Emergency Cooling: Avoid Specification Mistakes
Ensuring cooling in a crisis requires that managers address facility needs, equipment options and operational issues
One common mistake in selecting the most appropriate cooling unit involves determining needed cooling capacity for the space in question. For each such area, managers need to estimate the size of the portable unit that will be brought in temporarily.
If a unit is too small, it will not meet the area’s cooling needs. If it is too large, it might exceed the capacity of the supporting utility system, operate inefficiently or fail to provide adequate humidity control. And if the system is oversized, it might be physically too large to be located close to the area in question, resulting in siting issues and additional installation costs.
The most accurate way to size a portable unit is for engineers to perform load calculations for the space, taking into account heat gains from exterior walls, windows, people, equipment and surrounding areas.
Calculating cooling loads can be difficult, but a couple of rules of thumb can produce reasonable estimates. One way to estimate an area’s required cooling capacity is by using the cooling capacity of the system that is being temporarily replaced. If it is a one-for-one replacement — meaning the temporary cooling system is to serve all areas served by the failed system — then the temporary system must have the same or slightly larger cooling capacity. If the temporary system needs to cool only a portion of the area served by the failed system, then managers will have to apply rules of thumb or more accurate actual load calculations.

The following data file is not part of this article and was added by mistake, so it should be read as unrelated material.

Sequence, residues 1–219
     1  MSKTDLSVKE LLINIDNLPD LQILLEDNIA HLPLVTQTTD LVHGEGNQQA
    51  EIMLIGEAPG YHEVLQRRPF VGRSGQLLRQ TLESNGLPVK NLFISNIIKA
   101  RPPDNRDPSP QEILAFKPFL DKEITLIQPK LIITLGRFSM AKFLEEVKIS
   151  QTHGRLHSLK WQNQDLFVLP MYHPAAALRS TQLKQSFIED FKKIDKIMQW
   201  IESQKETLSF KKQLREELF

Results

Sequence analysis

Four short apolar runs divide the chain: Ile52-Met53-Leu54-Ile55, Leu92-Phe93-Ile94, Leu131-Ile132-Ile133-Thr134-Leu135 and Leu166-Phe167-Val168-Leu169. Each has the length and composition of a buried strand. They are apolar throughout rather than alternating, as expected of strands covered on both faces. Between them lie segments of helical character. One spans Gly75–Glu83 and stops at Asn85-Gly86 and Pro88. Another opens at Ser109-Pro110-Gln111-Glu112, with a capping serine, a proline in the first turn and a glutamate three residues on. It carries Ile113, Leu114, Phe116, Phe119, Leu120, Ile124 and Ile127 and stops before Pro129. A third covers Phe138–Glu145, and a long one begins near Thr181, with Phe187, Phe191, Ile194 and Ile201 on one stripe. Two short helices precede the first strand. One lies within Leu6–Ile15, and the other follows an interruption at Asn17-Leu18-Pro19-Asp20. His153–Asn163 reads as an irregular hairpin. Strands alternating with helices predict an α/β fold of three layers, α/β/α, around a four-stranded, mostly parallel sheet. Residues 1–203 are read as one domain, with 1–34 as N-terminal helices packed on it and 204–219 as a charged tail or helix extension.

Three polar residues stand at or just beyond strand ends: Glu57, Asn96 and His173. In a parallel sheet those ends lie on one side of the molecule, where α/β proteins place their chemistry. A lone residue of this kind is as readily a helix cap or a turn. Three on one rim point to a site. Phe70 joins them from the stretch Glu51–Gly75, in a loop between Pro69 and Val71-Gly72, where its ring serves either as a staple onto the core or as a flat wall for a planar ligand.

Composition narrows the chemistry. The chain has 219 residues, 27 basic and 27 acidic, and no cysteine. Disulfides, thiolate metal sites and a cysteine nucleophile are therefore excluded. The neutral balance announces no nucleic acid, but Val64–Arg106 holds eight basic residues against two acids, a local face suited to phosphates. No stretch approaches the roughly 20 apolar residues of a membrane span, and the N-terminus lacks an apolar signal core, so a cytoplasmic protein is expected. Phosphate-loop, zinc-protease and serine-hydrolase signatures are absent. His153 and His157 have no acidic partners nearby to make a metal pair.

For typical office buildings, the amount of cooling required is 1 ton for every 200-350 square feet of floor space. For computer rooms, 1 ton of cooling is required to serve 50-150 square feet of floor space. In health care facilities, 1 ton of cooling is sufficient for every 250-300 square feet.
If a space has no unusual loads, such as a large area of south-facing windows or heat-producing equipment, the rule of thumb is to provide 1 ton of cooling for every 500 square feet of space. If the space has unusual heat-producing loads, managers can assume the need for 2 tons of cooling per 500 square feet of space.
All of these rule-of-thumb figures are for basic operations under average use, installed heat-producing equipment, average occupancy and average environmental conditions. Managers will have to adjust the square footage of building space per tons of cooling numbers higher or lower based on actual conditions.
Such rules can provide an approximation of cooling load requirements, but managers should use them with extreme caution. Depending on the actual conditions, they might seriously undersize or oversize equipment requirements. The only way to get accurate, reliable numbers for a particular application is to have an engineer calculate the actual heat loads based on the operations performed in a particular space.